Leeds residents to design alternatives to car ownership


A multimillion-pound project to encourage people in Leeds to design and try an alternative to private vehicle ownership has been announced by researchers.

The groundbreaking INFUZE study (Inspiring Futures for Zero Carbon Mobility) will ask communities across the city to help design bespoke mobility solutions, which could include car clubs, responsive taxi-style bus services and shared bicycle and scooter schemes.  

The £7.8m plan is being led by the Institute for Transport Studies (ITS) at the University of Leeds, along with research partners The Royal College of Art and Lancaster University and is being funded by the Engineering and Physical Sciences Research Council.

The question is not ‘can you live without a car?’ but ‘what would a world where people did not need to own their own cars look like?’

Professor Greg Marsden, Institute for Transport Studies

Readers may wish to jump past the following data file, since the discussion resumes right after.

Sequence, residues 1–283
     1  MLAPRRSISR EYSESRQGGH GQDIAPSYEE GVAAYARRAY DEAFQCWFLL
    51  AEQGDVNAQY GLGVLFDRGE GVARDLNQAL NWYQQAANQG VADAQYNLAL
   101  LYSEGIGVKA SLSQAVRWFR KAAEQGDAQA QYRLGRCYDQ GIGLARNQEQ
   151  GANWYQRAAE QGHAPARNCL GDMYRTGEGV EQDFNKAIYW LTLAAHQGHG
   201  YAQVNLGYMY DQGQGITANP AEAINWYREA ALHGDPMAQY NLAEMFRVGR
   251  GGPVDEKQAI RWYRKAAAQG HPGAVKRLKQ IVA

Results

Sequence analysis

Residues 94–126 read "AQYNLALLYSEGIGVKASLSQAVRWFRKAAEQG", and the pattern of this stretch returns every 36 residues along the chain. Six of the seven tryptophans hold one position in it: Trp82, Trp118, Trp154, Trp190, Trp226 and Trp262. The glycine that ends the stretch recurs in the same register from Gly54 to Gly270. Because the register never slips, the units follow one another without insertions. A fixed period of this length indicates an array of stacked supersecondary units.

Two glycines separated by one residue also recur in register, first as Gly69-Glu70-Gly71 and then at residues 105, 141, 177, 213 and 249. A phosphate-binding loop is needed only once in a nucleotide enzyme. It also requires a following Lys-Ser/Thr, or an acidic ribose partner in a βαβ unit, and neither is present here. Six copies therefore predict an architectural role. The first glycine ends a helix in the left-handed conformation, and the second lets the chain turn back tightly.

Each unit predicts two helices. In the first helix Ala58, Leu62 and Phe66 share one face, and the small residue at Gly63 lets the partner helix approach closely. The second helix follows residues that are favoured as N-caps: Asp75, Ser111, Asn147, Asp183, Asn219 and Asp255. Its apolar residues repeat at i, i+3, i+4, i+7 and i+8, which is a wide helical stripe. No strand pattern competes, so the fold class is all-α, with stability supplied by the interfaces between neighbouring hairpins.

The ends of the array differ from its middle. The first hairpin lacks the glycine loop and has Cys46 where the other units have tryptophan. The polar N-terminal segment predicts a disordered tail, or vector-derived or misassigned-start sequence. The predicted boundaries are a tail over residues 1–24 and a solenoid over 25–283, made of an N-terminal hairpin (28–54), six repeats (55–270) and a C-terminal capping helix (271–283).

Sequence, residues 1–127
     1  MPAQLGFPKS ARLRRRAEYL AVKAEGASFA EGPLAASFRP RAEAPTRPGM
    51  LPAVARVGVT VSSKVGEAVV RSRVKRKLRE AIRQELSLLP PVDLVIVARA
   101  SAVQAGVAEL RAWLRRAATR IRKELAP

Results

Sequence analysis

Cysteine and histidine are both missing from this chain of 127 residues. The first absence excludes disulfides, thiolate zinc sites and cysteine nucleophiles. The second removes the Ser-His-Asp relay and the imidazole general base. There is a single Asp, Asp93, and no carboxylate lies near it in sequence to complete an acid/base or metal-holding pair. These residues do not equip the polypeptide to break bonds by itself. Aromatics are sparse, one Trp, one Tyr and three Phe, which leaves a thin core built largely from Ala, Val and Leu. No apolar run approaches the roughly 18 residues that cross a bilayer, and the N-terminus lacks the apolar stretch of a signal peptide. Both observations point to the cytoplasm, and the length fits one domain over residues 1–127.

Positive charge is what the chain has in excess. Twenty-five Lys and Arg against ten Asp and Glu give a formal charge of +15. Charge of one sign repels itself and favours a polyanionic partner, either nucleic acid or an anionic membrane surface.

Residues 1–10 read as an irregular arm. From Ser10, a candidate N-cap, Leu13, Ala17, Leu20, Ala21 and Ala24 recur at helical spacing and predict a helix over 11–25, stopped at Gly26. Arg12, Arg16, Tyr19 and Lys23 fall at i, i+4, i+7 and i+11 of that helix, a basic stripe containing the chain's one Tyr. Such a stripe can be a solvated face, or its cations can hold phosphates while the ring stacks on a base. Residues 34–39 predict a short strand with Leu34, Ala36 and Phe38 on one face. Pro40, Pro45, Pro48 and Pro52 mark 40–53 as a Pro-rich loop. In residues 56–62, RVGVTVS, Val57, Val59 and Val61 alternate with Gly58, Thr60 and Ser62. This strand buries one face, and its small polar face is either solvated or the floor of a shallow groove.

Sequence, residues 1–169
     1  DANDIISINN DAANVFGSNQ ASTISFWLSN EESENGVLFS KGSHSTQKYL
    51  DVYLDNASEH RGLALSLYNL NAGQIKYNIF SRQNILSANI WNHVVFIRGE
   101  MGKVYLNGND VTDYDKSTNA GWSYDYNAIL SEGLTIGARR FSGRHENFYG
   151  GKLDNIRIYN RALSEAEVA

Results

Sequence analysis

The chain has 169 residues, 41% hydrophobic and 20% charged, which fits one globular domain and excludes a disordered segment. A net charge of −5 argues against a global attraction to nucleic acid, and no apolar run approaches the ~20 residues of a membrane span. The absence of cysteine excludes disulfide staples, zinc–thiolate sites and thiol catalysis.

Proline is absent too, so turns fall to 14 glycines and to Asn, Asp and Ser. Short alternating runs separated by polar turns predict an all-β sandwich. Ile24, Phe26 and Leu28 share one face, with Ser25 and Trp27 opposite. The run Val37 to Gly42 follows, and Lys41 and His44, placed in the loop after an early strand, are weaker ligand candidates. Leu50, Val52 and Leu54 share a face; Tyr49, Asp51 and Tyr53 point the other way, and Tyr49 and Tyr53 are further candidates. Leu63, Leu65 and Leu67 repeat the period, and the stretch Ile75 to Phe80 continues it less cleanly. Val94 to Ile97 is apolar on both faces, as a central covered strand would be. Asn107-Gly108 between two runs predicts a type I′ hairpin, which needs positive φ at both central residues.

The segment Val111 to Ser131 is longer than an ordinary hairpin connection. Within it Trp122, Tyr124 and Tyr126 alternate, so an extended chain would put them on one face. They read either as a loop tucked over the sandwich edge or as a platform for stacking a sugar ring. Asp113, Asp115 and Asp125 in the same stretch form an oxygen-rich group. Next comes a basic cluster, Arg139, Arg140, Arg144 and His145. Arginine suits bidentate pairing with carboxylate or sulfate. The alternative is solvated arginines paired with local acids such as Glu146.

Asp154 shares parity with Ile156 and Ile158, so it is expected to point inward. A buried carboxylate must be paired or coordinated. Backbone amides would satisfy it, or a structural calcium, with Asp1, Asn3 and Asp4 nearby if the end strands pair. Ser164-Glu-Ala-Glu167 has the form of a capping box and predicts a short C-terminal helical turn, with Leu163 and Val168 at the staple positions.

It will eventually involve up to 400 households across the city and could lead to the creation of a national centre of excellence in low carbon alternatives to car ownership.

There are more than 20 other partners in the project, including Leeds City Council, West Yorkshire Combined Authority, Calderdale Council, the bike and scooter sharing scheme Beryl, Enterprise Car Club and First Bus. They and the University of Leeds have contributed a further £1.5m to the research.

Greg Marsden, Professor of Transport Governance at ITS and director of INFUZE, said that at the heart of the project was a pressing need to radically rethink the ways in which people get around.

“This will not only tackle the carbon crisis of a system which is dependent on cars, but the related persistent challenges of congestion, air pollution, safety and inclusivity – something which a shift to electric vehicles alone does not,” he added.

“The question is not ‘can you live without a car?’ but ‘what would a world where people did not need to own their own cars look like?’”